The result was Jo Loves - the Jo Malone brand remains with Estée Lauder - which initially launched as a mail order and online business in November 2011. "I don't think I had a strategy," she admits. "I created six fragrances and went out just as I had done all those years ago and from day one there was a really strong pick-up."

The online operation was complemented by pop-up shops in Selfridges and on South Audley Street; although Malone feels this was a step too far at that point in time. "It hadn't evolved," she says. "Any business continues to evolve but in those early stages most are under the radar screen so no one is really looking at the packaging tweaks or design of the store. It was just too soon; we hadn't gathered our momentum as we have now."

In October 2013, the business opened its first bricks-and-mortar store, in London's Elizabeth Street; finally taking Malone back to her retail roots. "I always wanted a shop but I could never find the right place," she says. "It's the same site where I had a job when I was 16, so I'm really going back to where I started. But having a shop means people can really experience it; it's like they have walked into my home and that's what I wanted; this real sense that you can touch the creator of this whole brand."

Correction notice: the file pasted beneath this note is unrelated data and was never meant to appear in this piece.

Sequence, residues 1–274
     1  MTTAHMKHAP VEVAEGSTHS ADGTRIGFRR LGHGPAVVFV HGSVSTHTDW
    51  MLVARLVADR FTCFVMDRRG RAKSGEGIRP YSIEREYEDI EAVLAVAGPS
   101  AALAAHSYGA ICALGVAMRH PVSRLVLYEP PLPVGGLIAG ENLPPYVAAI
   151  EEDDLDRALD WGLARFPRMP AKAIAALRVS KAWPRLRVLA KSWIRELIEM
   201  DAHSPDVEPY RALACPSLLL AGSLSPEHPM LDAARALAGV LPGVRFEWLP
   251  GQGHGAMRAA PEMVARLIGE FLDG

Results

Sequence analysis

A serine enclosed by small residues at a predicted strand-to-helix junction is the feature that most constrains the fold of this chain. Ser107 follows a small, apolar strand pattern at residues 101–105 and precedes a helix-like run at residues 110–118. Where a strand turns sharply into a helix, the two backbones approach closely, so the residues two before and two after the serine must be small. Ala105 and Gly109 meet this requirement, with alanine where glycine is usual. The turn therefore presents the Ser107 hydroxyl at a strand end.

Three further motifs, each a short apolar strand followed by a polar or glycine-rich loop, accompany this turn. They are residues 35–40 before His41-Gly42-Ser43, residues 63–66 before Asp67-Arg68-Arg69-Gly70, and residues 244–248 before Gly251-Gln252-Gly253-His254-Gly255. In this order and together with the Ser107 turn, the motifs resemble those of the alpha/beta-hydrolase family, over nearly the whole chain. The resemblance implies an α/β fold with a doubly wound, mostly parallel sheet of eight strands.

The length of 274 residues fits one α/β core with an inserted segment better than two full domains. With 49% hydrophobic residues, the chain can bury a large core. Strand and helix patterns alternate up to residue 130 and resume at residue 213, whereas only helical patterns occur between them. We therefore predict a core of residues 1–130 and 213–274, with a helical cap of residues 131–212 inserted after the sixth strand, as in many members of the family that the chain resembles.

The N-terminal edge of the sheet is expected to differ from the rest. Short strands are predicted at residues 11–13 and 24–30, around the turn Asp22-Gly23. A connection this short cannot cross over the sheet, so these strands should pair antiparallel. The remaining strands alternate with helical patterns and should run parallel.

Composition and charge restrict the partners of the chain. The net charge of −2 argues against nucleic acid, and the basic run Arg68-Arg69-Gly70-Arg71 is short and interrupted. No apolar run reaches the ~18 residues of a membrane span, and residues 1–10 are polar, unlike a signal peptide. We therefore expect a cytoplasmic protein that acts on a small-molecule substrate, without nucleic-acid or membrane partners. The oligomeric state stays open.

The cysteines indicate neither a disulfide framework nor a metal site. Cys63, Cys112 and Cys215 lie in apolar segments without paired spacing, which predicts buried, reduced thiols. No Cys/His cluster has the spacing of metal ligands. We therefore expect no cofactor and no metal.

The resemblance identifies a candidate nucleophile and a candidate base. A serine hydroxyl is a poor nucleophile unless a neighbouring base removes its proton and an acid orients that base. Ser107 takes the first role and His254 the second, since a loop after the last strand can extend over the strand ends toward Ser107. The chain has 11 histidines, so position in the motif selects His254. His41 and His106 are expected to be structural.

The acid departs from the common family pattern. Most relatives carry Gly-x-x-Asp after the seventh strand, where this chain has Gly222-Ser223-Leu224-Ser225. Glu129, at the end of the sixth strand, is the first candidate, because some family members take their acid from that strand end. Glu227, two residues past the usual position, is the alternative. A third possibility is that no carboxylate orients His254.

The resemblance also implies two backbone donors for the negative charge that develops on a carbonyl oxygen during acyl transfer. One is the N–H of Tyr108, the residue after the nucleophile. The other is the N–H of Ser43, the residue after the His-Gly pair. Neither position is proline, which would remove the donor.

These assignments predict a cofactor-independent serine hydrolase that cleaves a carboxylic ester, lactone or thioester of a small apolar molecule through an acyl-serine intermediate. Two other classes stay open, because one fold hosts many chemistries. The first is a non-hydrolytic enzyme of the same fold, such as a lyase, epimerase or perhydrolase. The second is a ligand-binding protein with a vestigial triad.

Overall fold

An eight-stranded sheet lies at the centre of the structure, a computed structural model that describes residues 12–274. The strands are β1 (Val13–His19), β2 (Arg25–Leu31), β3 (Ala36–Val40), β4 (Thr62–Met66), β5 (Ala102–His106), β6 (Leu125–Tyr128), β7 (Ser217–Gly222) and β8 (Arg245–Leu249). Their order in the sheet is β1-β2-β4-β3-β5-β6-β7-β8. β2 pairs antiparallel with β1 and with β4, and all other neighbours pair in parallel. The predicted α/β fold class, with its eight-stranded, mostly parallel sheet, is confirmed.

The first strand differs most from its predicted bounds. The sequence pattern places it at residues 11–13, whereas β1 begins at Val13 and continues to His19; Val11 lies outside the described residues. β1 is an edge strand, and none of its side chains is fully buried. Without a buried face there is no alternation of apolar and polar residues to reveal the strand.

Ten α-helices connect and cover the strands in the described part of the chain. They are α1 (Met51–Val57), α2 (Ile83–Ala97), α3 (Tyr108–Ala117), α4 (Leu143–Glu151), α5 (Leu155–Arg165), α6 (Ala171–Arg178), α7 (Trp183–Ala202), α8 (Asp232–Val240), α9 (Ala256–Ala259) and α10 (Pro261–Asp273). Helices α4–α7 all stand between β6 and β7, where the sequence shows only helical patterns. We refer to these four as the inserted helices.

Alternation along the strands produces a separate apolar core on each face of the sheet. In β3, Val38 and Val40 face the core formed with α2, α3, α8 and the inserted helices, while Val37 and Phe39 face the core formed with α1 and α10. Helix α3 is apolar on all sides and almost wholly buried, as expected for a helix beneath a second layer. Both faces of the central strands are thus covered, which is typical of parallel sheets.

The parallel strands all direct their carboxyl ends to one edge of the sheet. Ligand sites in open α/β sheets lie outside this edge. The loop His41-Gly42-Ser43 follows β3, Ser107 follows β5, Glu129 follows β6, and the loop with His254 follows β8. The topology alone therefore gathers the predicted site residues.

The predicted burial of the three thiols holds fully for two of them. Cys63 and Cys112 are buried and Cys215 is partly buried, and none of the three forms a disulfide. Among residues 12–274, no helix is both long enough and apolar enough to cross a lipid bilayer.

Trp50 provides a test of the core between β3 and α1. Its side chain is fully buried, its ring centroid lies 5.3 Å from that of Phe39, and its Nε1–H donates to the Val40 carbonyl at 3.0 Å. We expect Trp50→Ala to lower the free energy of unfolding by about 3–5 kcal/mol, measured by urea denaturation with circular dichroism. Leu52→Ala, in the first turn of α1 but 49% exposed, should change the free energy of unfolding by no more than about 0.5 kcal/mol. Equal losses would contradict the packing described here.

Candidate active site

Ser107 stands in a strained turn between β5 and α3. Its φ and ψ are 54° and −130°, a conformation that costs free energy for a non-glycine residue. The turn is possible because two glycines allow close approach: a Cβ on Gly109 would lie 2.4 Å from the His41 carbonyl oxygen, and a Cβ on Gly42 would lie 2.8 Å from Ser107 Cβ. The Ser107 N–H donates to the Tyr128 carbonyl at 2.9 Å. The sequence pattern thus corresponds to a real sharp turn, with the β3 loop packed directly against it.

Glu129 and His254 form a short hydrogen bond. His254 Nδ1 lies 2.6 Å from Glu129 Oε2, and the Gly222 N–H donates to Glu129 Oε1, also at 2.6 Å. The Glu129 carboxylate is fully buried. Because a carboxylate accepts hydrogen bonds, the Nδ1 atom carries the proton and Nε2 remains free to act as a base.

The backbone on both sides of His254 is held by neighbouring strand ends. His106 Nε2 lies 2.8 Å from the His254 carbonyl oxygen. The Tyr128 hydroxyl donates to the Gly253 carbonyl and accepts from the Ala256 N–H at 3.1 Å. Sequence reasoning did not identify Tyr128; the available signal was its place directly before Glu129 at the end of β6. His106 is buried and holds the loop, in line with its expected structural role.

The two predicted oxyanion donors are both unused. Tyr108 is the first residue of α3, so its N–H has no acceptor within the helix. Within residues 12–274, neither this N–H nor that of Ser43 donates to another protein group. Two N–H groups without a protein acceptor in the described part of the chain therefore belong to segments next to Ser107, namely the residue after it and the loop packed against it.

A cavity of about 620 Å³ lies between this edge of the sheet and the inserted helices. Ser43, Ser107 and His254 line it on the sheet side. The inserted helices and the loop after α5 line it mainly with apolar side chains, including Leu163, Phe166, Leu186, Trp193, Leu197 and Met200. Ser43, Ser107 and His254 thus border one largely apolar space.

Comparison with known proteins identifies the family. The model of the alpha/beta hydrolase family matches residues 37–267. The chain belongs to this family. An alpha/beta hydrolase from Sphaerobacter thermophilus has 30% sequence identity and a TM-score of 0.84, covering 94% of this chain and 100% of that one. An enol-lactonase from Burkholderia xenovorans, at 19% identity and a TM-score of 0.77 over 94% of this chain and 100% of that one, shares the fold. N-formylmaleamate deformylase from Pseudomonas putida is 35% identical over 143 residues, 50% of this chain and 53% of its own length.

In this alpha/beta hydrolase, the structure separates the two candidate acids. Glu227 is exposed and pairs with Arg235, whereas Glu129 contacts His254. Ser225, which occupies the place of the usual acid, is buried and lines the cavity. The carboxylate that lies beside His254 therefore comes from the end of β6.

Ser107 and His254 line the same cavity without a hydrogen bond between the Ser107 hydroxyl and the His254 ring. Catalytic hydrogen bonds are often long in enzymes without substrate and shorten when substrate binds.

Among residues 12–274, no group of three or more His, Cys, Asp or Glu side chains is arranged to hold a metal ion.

Survival instinct

Malone's entrepreneurial roots can be traced back to her childhood. Her mother was ill, while her father was a gambler, and it was a constant battle to make ends meet. Malone herself wrestled with severe dyslexia, and left school at a very young age "way before I was supposed to, with no qualifications".

"One of the common threads of being an entrepreneur is hunger and survival, and they will find a way of accomplishing what they want," she says. "Having dyslexia probably caused me to not be frightened to walk a different path to everyone else. I sold paintings on the market with my father from the age of seven or eight and that's probably where my love of retail came from."

The entrepreneurial instinct, though, was also there. She recalls her father coming home one night on her 14th birthday, and giving her £100 after a successful evening playing poker. "I remember thinking how could I make that into £200," she says. "I bought a whole load of plain white T-shirts from a trading estate and did all the designs on them and sold them, and I did turn that £100 into £200. I bought them for £1.25 each and sold them for £2 or £3."